Do not call conspiracy all that this people calls conspiracy, and do not fear what they fear, nor be in dread. 13 But the Lord of hosts, him you shall honor as holy. Let him be your fear, and let him be your dread. 14 And he will become a sanctuary and a stone of offense and a rock of stumbling to both houses of Israel, a trap and a snare to the inhabitants of Jerusalem. 15 And many shall stumble on it. They shall fall and be broken; they shall be snared and taken.” (Isaiah 8:12–15)

In Isaiah 8, the particular sin is fearing man (i.e., human armies) instead of fearing God. But the enduring principle is fearing God according to what God has said. Again, in this case, God has promised a way of salvation, and Isaiah is calling the people to trust him and not human armies. In another context, however, fearing God might mean something else. In the case of Habakkuk, fearing God meant submitting to the coming destruction of Jerusalem by Babylon. In the case of Jeremiah, fearing God meant surrendering to Babylon and not fighting God’s instrument of judgment, as strange as it was to do so. Accordingly, the command to fear God does not always have the same application for God’s people.

Put this all together, and it is a foolish principle to fear God and never recognize or resist the threat of bad actors. Moreover, it is a foolish principle to read Isaiah 8:12 and conclude that everything that people call conspiracy is errant. History teaches us that rulers plot evil schemes (i.e., conspiracies) and that nations conspire together to accomplish wicked ends. Even more, sacred history—the history found in Scripture—teaches the same thing.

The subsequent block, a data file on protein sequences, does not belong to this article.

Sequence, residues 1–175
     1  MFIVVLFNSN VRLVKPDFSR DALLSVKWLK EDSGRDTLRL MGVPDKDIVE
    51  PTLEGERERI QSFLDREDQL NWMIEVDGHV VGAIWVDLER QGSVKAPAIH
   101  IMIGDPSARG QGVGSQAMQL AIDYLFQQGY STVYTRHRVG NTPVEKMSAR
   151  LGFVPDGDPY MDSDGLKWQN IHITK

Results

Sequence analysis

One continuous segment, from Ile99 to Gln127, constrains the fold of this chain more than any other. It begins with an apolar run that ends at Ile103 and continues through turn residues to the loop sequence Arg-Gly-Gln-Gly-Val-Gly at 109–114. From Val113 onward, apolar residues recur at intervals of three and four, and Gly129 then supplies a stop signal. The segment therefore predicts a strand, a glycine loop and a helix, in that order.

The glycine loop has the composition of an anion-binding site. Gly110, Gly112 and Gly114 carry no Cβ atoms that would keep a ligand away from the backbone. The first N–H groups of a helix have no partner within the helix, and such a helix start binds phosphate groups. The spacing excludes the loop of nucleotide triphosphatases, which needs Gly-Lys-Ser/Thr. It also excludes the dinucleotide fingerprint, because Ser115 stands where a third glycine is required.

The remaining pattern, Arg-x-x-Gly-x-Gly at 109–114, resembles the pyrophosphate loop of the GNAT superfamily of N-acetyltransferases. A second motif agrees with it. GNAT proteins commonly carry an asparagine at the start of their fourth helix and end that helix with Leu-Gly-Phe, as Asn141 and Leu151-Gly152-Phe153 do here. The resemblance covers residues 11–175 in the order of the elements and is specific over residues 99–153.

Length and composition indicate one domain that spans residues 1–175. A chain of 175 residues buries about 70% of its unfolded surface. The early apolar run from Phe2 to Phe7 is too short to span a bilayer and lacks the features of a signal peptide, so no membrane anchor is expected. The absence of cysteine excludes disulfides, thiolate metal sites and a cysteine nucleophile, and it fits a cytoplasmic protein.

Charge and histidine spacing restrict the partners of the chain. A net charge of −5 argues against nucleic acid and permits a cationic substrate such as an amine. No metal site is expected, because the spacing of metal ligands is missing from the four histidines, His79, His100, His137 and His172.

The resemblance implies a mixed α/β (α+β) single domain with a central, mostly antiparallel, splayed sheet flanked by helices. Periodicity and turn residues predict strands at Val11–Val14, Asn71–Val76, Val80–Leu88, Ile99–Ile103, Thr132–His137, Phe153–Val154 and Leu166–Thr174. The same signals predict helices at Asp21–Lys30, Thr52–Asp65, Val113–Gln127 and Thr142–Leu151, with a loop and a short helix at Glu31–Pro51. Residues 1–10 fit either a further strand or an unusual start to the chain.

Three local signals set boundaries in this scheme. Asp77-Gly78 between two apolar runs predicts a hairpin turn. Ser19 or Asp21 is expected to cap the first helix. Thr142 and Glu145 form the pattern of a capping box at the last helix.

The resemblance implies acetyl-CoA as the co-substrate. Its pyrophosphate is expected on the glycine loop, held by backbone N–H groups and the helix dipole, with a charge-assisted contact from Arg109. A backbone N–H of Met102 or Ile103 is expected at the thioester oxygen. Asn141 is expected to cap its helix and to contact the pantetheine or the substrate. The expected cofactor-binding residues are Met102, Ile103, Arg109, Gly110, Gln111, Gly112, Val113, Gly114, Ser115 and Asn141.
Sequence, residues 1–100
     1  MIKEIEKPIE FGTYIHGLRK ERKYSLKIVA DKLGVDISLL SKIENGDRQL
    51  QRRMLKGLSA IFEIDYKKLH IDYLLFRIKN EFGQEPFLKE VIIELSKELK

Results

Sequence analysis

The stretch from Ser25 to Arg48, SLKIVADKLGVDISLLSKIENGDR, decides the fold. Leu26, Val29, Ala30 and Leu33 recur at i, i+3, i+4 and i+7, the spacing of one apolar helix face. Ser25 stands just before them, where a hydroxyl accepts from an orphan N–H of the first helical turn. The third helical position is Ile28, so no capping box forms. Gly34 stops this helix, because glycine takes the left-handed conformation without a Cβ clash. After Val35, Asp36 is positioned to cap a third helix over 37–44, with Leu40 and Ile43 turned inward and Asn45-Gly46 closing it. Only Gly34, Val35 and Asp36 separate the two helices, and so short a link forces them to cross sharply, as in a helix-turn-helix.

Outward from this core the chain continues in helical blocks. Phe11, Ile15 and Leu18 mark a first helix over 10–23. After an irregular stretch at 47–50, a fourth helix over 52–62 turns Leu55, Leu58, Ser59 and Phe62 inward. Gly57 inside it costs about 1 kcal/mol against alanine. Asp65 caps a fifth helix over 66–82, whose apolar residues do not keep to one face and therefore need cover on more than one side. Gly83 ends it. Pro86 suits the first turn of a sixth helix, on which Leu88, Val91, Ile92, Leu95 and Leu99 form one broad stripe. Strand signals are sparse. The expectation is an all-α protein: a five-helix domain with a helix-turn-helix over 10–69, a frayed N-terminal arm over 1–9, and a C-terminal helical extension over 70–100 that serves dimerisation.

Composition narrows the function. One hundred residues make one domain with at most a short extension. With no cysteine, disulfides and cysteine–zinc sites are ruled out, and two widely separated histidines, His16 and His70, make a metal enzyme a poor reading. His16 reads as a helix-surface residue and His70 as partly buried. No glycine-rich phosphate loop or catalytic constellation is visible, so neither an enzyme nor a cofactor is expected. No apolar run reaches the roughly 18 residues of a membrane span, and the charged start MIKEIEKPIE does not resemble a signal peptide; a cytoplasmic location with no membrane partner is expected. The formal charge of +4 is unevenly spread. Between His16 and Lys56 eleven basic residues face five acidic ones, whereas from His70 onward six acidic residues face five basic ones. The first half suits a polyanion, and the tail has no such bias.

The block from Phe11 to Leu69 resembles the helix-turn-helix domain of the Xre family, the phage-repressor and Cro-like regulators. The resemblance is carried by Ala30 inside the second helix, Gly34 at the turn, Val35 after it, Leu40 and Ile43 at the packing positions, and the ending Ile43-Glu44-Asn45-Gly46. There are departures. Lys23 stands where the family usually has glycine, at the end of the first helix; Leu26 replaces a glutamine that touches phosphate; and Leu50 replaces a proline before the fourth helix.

Echoing the first sin, the number of times that God’s people have been lied to—by their leaders, by their neighbors, by their prophets, and by themselves—cannot be counted with both hands. While the law of God can be numbered on our fingertips, and digit number 9 stands for “Do not bear false witness,” the number of times God’s people have believed false witnesses is too numerous to count. And thus, we should learn from Scripture how God’s people have believed lies and become liars, so that we who walk in the truth would not believe lies. Continue reading

In Defense of Tradition: Five Reasons Protestants Should Not Protest The *Proper Use* of Tradition